Oil Jumps 3% Toward $64 as Iran Shoots Down U.S. Drone

LONDON (Reuters) -
A gas flare on an oil production platform in the Soroush oil fields is seen alongside an Iranian flag in the Persian Gulf, Iran. (Reuters/Raheb Homavandi/File Photo)

Oil rose more than 3% toward $64 a barrel on Thursday after Iran shot down a U.S. military drone, raising fears of a military confrontation between Tehran and Washington.

Expectations that the U.S. Federal Reserve could cut interest rates at its next meeting, stimulating growth in the world’s largest oil-consuming country, and a drop in U.S. crude inventories also supported prices.

Brent crude, the global benchmark, was up $2.06 at $63.88 a barrel midday Thursday, having earlier gained 3.4% to $63.93. U.S. West Texas Intermediate crude rose $2.33 to $56.09.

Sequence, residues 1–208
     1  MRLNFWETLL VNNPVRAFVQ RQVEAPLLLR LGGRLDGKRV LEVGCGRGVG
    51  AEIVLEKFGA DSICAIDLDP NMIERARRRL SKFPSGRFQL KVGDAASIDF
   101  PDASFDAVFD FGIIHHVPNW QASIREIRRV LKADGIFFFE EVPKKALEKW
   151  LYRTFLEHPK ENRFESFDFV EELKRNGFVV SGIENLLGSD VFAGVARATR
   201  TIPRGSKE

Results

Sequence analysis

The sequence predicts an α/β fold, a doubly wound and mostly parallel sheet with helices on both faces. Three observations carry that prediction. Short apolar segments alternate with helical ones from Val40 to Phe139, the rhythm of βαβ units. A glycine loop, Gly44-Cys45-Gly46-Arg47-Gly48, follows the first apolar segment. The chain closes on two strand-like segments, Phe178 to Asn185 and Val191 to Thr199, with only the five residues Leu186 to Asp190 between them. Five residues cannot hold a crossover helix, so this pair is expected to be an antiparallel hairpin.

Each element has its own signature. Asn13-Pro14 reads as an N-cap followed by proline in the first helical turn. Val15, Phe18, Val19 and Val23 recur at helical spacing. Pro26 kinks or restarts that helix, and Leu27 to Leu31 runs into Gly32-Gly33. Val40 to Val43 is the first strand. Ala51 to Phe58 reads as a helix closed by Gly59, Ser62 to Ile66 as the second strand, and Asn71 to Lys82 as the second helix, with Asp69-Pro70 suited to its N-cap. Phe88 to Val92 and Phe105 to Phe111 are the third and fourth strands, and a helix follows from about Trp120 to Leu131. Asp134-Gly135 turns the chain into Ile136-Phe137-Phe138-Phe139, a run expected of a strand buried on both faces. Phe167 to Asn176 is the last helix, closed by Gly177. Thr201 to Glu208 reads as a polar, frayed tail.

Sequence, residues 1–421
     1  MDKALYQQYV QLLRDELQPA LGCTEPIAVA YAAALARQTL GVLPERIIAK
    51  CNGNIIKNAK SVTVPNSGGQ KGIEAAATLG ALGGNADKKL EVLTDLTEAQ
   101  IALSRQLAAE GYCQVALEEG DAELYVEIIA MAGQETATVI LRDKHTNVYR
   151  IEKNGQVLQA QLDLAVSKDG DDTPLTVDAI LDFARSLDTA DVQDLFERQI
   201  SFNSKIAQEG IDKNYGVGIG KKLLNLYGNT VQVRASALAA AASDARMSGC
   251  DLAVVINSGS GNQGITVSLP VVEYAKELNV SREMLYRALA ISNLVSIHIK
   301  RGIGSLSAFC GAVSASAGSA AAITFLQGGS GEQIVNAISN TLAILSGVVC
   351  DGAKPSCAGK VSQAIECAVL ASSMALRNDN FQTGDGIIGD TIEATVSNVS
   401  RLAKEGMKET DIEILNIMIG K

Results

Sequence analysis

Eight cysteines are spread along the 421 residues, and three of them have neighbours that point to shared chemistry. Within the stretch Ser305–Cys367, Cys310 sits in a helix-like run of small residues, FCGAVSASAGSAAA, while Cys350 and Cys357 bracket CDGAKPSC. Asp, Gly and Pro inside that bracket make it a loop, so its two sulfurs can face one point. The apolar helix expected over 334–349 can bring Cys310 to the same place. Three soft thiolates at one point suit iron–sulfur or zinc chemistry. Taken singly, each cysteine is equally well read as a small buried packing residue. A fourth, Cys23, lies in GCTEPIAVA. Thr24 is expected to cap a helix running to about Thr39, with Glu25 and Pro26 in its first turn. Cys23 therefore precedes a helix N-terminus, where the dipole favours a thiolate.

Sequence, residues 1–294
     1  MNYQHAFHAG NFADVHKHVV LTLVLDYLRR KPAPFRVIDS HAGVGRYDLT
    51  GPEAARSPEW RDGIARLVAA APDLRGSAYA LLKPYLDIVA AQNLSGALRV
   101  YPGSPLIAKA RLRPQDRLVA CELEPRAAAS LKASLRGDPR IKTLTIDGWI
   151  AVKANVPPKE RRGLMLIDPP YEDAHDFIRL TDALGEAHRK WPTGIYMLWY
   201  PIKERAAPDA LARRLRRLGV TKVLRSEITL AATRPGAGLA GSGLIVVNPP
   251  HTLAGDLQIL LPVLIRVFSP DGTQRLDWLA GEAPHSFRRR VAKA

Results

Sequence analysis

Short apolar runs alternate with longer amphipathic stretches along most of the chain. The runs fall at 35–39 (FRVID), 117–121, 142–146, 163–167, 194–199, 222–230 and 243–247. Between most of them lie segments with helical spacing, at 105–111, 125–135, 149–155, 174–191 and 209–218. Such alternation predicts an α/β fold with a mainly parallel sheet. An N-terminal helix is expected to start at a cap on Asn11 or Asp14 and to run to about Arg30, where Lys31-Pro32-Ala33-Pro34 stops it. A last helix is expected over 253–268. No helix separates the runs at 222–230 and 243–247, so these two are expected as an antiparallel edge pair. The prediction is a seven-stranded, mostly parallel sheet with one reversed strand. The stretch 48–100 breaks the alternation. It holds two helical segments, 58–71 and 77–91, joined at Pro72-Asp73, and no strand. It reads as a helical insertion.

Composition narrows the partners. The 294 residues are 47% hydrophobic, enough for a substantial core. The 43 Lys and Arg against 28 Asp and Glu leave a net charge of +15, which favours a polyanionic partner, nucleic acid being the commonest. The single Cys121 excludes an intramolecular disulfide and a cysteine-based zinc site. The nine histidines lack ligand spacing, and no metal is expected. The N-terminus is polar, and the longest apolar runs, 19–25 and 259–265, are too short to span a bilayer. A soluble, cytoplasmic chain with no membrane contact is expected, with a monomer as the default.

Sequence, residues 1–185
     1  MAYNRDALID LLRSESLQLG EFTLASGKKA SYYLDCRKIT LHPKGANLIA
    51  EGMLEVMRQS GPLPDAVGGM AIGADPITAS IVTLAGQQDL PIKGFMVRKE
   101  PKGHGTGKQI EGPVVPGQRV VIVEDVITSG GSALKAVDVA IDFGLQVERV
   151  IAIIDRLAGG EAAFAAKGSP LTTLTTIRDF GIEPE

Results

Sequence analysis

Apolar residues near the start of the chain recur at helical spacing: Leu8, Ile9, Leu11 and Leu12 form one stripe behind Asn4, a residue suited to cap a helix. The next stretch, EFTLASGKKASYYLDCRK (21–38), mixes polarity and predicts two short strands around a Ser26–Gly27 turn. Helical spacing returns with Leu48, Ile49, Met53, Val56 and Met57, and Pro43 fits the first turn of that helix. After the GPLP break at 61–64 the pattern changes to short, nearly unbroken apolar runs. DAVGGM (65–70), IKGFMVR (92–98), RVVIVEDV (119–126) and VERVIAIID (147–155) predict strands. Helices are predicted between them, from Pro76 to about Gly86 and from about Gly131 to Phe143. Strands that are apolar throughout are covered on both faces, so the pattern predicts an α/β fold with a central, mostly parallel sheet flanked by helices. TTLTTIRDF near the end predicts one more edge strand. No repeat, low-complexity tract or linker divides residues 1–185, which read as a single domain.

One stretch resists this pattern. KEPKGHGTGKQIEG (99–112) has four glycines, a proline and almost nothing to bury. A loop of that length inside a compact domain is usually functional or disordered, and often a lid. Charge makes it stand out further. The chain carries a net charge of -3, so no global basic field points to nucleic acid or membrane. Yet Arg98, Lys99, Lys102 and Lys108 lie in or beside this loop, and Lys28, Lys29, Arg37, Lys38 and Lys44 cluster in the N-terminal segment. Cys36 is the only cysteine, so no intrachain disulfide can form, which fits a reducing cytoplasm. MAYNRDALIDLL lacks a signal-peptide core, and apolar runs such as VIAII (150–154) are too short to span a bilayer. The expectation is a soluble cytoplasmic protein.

“The risk of a military conflict in the Middle East has risen because of a ratcheting up of tensions between the United States and Iran,” said Abhishek Kumar of Interfax Energy in London.

“Elsewhere, the U.S. Federal Reserve has signaled its willingness to loosen monetary policy over the coming months, which is being perceived as favorable to oil demand.”

The drone was downed in international airspace over the Strait of Hormuz by an Iranian surface-to-air missile, a U.S. official said. Iran’s Revolutionary Guards said the drone was flying over southern Iran.

Tension has been rising in the Middle East, home to over 20% of the world’s oil output, after attacks on two tankers near the Strait of Hormuz, a chokepoint for oil supplies. Washington blamed Tehran for the tanker attacks. Iran denied any role.